This is in line with the findings from the first study that the “sweet spot” for Niagen supplementation is between 250-500 mg per day.

The trial using BASIS™ also measured much more than just NAD+ levels. Researchers tracked several “secondary” endpoints including:

  • Body weight
  • Treadmill performance
  • Chair standing
  • Activity performance standards

Once the results of this study are made public, we’ll have a better idea as to the truth behind many of the purported benefits of Niagen.

Latest Research

The latest study kicked off March 2016 and will run through December 2016. A total of 140 adult subjects (ages 40 – 60) will participate in the randomized, double-blind, placebo controlled parallel study.

Primary objectives of the study will be to observe change in levels of Urinary Methylnicotinamide (a Niagen Metabolite) as well as any change in levels of blood, muscle, and urine Nicotinamide Riboside Metabolites. Other outcome measures include any impact (increases or decreases) supplemental Niagen may exert on subjects’ Resting Metabolic Rate (RMR). [43]

Furthermore, several other clinical studies are being conducted where researchers are studying Niagen’s effects on a wide range of attributes including:

  • Athletic performance
  • Weight loss
  • Memory
  • Neuroprotection (in regards to concussions sustained by college football players)

Benefits of Increased NAD+

Animal Studies

A 2012 study showed that giving mice supplements of NR is effective in raising NAD+ levels and improved the numbers and function of mitochondria. [44]

The mice receiving NR demonstrated increased energy and improved insulin sensitivity, while also protecting the animals from symptoms of metabolic syndrome. Furthermore, researchers also documented increased endurance — mice receiving NR ran 33% farther on treadmill testing vs control mice.

Other benefits that have been found in mice receiving NR supplementation include:

  • Reversed markers of aging in muscles
  • Improved cardiovascular health
  • Increased energy
  • Better sleep
  • Reduced muscle soreness
  • Improved memory
  • Clearer hearing and vision

Human Studies

As you can see from above, there has not been a wide range of human studies completed, as of yet. Plus, just because a supplement works wonders in mice does not always mean it will perform the same in humans.

However, clinical trials are underway and once the findings of those studies are published, the science and supplement community will have a greater understanding of the power of Niagen.

The human trials that have been completed have shown that Niagen successfully:

  • Increases NAD+ levels
  • Protects against hearing damage

So, we know some preliminary benefits of Niagen supplementation and have an idea of what it may do in humans.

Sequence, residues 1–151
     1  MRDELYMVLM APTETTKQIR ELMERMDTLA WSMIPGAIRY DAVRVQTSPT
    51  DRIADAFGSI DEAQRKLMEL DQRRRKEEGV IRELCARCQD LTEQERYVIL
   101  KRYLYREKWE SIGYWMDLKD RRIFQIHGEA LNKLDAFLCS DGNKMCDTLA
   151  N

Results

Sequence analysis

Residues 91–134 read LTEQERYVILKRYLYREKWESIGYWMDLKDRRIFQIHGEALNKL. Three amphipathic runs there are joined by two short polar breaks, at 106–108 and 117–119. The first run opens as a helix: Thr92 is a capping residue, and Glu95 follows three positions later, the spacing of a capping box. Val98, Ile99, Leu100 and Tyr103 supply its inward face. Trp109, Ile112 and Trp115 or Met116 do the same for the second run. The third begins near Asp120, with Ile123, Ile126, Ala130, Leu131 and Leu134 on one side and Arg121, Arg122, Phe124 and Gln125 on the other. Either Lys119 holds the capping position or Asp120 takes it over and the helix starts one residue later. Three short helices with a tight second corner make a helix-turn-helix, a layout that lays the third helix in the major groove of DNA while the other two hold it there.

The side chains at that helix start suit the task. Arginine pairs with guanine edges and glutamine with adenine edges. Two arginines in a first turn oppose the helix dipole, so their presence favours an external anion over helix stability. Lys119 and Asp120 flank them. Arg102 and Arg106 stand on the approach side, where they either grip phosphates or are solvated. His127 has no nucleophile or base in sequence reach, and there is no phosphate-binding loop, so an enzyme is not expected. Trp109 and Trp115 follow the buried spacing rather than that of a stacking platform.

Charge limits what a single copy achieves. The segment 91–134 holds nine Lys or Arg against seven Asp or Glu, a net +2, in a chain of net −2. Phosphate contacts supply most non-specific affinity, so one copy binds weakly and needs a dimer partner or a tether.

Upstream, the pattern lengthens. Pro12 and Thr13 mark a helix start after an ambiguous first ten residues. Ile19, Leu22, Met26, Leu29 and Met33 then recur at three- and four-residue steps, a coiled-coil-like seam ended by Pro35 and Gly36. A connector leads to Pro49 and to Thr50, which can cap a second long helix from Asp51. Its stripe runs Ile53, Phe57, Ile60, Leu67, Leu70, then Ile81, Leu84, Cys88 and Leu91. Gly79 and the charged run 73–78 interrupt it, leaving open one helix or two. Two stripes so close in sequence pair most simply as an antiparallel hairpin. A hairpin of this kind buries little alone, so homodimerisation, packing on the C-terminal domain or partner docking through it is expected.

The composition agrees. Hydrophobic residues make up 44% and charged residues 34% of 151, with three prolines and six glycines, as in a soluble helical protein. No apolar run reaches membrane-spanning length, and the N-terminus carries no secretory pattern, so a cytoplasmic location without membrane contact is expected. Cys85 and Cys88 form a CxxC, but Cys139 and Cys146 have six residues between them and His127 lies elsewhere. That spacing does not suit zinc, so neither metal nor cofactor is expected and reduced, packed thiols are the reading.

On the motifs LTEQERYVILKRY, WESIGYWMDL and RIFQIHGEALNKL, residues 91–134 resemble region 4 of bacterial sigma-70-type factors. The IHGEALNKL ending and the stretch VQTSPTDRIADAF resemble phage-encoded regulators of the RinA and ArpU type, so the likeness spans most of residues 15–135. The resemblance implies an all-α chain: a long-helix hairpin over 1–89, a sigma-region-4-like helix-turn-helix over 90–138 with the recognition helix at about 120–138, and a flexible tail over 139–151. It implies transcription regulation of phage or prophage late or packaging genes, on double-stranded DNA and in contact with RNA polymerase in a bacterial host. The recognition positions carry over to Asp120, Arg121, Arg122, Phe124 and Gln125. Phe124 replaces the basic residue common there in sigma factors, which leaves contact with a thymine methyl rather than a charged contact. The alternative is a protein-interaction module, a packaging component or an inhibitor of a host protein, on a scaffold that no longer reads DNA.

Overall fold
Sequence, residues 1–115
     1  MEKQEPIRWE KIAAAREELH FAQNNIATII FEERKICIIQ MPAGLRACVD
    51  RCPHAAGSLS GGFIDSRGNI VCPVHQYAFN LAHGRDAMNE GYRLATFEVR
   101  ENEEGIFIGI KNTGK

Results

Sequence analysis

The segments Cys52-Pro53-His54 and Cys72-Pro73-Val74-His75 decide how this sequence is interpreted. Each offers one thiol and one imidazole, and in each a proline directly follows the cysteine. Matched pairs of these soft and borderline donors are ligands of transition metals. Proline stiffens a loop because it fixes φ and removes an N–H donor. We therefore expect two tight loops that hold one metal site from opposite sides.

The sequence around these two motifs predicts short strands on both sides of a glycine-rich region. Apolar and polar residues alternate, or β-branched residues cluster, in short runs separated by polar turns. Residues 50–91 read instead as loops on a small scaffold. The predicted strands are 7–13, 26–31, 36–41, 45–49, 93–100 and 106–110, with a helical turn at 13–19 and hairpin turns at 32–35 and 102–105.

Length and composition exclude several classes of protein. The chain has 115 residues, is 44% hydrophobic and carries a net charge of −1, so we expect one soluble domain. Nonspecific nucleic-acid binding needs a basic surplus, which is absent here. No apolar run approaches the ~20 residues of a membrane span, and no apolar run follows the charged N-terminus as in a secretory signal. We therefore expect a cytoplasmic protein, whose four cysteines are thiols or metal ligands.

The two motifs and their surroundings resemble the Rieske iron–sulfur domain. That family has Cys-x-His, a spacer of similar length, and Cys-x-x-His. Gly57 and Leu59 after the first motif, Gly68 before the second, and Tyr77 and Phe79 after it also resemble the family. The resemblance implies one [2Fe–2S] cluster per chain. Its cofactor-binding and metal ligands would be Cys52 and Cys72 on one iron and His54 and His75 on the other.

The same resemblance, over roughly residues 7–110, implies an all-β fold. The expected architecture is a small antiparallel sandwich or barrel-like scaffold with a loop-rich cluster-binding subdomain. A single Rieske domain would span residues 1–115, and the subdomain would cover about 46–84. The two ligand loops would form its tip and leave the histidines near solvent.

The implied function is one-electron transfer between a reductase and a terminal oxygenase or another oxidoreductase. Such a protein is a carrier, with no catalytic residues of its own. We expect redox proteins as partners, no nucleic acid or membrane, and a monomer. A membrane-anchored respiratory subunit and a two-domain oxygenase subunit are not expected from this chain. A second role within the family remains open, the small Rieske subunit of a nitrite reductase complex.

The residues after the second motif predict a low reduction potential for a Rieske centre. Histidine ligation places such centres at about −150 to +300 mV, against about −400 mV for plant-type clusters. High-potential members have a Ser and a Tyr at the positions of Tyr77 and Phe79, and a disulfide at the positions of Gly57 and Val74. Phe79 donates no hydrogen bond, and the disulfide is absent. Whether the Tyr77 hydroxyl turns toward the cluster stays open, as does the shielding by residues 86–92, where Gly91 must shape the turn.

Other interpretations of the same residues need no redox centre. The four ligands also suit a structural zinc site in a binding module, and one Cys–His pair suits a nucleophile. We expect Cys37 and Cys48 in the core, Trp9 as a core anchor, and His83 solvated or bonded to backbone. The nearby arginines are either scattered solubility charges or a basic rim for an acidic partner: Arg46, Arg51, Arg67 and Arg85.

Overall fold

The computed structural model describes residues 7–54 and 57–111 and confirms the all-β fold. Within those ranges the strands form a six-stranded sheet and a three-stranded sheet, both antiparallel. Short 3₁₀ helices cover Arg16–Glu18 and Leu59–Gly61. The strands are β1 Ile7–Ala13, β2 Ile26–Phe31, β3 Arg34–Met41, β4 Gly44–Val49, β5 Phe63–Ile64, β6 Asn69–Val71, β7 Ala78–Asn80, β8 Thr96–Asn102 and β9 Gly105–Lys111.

Potential benefits

Taking what we’ve learned about the role of NAD+ in the body and from the preliminary indications of all the completed human and animal research studies, we can come up with a list of benefits to using NR:

  • Greater cognition
  • Improved athletic performance
  • Better memory
  • Faster metabolic rate
  • Increased ATP production and availability
  • Reduced fat storage
  • Greater insulin sensitivity and nutrient partitioning
  • Improved heart health
  • Increased vitality

There are potentially even more benefits, and as Niagen research continues to expand, so will the understanding of its effects.

Niagen Dosing

Human trials so far have used doses ranging from 100mg to 1,000mg. The general consensus from the research indicates that a dose between 250 – 500mg per day is sufficient for adequately elevating NAD+ levels.

Niagen Side Effects

A recent safety assessment looked at all current studies using Nicotinamide Riboside and noted no significant or adverse side effects at dosages up to 3,000 mg per day. [45]

What’s more noteworthy, is that one of the hallmark features of NR is that it doesn’t cause the unpleasant (and often irritating ) “flushing” that often occurs when taking high doses of Niacin.[46]

Now, bear in mind that Niagen is still a very new supplement that doesn’t have a long history of use or a plethora of research behind it, so always keep an eye out for the latest findings on the ingredient.

Another recent 2016 clinical trial just concluded this time using 120 elderly folks and once the results study of 120 elderly volunteers should be very helpful in determining best therapeutical and maximum recommended dosages. [47]

Where Can I Find Niagen?

Ceragen

Click here to order Ceragen with Niagen now.

You can find Niagen in a number of supplements as well as varying doses (different suppliers will include a certain amount based on their product and what other ingredients are included). Here at Tiger Fitness, you can find Niagen in the following product:

  • Ceragen™ — 250mg Niagen per capsule

Takeaway

Niagen is a powerful new ingredient that can boost levels of the vitally important coenzyme NAD+. Animal and human research has shown that Niagen successfully elevates NAD+ levels and documented a number of benefits including improved neurological function, resisting the effects of aging, and increased metabolic rate..

Numerous products over the years have promised these same benefits, but ultimately failed to live up to the hype. Niagen, on the other hand, has the research showing it is not a scam ingredient.

However, until more research is published, we won’t be able to fully understand the power of this revolutionary ingredient.